Saturday, September 4, 2010

The Price of Unforgiveness

This post may touch some sensitive nerves in my family, but it is a story that must be told.

When one researches his family tree, there is always the possibility of uncovering unpleasant information. This is one of those times:

I had previously written negatively about my great grandfather Wayne Hummel. It had long been told that he left my great grandmother for another woman, and that he had another family. After he left, my grandfather, at age 14, left school to earn money to support the family. It had recently been relayed to me that my great aunt was heartbroken because, since her dad lived nearby, she would watch him walk by the house on the way to work, and thought that somehow she was responsible for his leaving.

As I focused research on my great grandfather, I could not escape the fact that the evidence was not supporting what we had come to accept as the truth:

1. On his World War II selective service registration gave he listed his mother, Bertha Moser, as his contact (Bertha divorced my 2nd great grandfather F. Pierce Hummel and remarried to A. Monroe Moser). There was no other wife.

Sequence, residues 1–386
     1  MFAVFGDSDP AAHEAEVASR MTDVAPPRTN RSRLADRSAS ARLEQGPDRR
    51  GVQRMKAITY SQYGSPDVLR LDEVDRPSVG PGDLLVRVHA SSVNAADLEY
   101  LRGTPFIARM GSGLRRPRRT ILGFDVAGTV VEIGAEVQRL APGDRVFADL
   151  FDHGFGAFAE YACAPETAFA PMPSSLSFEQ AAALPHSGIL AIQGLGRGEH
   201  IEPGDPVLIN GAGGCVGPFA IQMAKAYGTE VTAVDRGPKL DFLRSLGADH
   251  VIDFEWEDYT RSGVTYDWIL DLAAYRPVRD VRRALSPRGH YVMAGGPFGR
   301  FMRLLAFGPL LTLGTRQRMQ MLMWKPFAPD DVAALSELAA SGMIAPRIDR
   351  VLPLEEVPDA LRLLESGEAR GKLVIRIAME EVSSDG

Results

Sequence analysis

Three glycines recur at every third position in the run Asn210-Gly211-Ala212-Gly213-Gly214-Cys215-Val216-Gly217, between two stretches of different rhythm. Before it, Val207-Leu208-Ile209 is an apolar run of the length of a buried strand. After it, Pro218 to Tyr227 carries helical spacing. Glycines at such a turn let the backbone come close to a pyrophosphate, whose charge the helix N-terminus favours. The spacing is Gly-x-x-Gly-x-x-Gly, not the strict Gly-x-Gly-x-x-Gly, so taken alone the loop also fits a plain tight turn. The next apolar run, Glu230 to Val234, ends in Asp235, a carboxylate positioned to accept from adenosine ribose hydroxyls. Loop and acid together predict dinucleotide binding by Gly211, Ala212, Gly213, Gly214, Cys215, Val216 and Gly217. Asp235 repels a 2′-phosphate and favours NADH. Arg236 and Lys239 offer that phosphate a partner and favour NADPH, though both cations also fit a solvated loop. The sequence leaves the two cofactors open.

2. When I found the Hummel plot in the Charles Evans Cemetery, Wayne was buried with his father, grandfather, uncle, and two grandmothers. He did not have a wife buried there. In my research, I have found no trace of any other woman, son, or daughter.

Then, in scanning through the Reading Eagle archives, I found the following report from the Desertion Court, in the Reading Eagle, December 18, 1914:

Under oath it was revealed that:

  • Court testimony indicates that Wayne hadn't left his family; his wife left him, several times
  • The marriage was obviously in crisis on both sides
  • Regardless of the marital difficulties, the court's opinion was that they should stay together
  • Wayne, under oath, was the one who was willing to get back together

Eventually, they did get back together. According to Wayne's WWI draft registration they lived together in Philadelphia, where he found work as a grinder in a roller berring mill. They split for the final time sometime around 1924.

My great grandfather never had a relationship with his children after that. He never got to know his grandchildren, nor they him. He wasn't able to pass along his knowledge of his father, grandfather, and great grandfather (Jacob Hummel) to his children and grandchildren. He was unsuccessful in reconciling with his ex-wife and children right before he died. When he died, he died alone.

And our heritage was almost lost.